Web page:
Life is no longer a case of school, work, retirement. Experts are now speaking of a ‘multi-stage life’ with transitions and breaks – mid-life career changes, taking time out to travel, or going back to school. “This all started with the abolition of the formal retirement age in 2011,” says Prince. “A lot of women who were made to retire at 60 felt they were being told, ‘You’re no longer of value.’ That marker opened up a wide range of possible selves for women, at any age.”
And, of course, the more time we have on the planet, the more we want to do with it. Over the past 200 years, life expectancy has increased at an almost constant rate of more than two years every decade. Some scientists even believe that, due to significant advancements in healthcare, we might eventually be able to increase the longevity of our lives to over 140 years. Frankly, that’s a lot of time to fill.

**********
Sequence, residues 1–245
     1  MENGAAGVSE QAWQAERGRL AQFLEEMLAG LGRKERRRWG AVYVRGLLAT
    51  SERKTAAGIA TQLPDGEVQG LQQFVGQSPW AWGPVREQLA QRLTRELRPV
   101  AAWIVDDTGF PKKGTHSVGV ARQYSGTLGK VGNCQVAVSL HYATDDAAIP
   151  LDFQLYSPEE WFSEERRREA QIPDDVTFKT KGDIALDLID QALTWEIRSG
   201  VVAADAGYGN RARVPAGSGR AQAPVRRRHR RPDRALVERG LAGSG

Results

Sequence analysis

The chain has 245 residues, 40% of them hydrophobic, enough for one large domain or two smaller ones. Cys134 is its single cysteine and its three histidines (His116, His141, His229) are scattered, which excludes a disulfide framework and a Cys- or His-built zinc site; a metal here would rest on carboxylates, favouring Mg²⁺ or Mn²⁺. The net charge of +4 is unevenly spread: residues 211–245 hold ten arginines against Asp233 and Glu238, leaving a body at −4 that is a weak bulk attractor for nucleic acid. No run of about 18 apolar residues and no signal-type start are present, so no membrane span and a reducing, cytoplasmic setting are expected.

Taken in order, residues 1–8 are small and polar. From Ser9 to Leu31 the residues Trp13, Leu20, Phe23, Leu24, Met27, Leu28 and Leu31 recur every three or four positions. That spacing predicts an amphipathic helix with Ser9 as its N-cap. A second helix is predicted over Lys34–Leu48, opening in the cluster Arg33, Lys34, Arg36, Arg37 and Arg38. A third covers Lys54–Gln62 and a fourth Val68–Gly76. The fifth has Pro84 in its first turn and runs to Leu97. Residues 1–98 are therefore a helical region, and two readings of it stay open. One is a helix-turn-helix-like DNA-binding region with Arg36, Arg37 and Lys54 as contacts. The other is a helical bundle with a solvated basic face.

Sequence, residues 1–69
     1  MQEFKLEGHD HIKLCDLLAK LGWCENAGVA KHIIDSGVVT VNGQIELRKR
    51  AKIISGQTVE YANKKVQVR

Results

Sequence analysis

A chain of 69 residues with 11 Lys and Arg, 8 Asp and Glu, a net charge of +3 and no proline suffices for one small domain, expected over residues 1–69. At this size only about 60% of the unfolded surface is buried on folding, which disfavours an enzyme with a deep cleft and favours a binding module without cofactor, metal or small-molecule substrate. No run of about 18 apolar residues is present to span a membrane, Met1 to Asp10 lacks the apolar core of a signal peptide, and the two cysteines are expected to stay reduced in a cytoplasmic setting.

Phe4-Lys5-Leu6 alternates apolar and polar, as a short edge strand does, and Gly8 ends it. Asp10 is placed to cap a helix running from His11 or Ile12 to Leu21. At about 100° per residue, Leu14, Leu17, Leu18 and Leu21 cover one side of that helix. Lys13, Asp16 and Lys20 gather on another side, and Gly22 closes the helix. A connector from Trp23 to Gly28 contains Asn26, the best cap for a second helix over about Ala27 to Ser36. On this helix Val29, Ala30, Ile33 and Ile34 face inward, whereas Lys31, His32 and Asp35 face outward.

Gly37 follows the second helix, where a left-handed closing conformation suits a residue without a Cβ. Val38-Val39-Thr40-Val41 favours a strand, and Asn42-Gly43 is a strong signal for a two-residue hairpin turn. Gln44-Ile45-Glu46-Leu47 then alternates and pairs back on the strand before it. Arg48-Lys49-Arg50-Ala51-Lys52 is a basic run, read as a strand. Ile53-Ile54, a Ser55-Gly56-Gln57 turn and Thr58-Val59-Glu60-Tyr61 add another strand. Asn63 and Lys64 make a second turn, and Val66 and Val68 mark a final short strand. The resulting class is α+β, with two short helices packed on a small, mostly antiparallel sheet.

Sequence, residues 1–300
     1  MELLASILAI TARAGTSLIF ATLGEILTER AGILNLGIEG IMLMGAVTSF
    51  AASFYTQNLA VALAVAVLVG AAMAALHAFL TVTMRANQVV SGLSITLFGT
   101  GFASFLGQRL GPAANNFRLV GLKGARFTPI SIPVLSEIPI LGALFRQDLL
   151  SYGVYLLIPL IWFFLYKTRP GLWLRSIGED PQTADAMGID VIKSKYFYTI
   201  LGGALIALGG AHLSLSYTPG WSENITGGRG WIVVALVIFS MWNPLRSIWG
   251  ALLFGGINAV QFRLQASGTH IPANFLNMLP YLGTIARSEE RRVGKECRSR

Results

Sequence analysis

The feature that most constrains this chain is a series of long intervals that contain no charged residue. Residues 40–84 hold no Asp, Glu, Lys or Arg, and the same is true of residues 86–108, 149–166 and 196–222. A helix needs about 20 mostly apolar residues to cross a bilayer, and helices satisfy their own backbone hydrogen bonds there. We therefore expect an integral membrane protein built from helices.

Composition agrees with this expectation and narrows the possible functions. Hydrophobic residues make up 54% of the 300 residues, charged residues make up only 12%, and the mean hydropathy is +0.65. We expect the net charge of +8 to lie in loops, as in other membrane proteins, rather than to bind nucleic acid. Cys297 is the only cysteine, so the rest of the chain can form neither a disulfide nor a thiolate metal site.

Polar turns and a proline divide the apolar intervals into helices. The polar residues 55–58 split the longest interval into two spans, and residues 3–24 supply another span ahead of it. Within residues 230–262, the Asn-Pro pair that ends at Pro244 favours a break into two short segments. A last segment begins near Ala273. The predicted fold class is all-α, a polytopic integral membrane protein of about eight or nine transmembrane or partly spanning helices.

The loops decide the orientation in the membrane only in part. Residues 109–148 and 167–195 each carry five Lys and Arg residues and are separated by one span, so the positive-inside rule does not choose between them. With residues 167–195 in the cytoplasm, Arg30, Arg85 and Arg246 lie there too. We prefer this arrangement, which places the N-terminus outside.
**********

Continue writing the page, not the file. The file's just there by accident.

Soon, the traditional notion of ‘winding down’ in our 60s and 70s will be completely shot out of the water as we start new careers at 72 or run our first marathons at 80.
Here, we speak to the inspiring women saying ‘no thanks’ to the boundaries of age.
The 88-year-old Instagram star
Baddie Winkle, 88, became a social media star at the age of 85. She now has 2.8 million followers on Instagram and is the face of Missguided.
“I remember being at school and being told to write an essay entitled, ‘When we are 80’. I had no idea what to write – I couldn’t imagine being that old. It was a pretty short essay...” In a makeshift studio at the Marriott Hotel, downtown Knoxville, where Stylist is shooting our cover, 88-year-old Instagram star Baddie Winkle (aka Helen Ruth van Winkle) titters with laughter. “Now I feel like I’ve done about everything there is to do in the world.”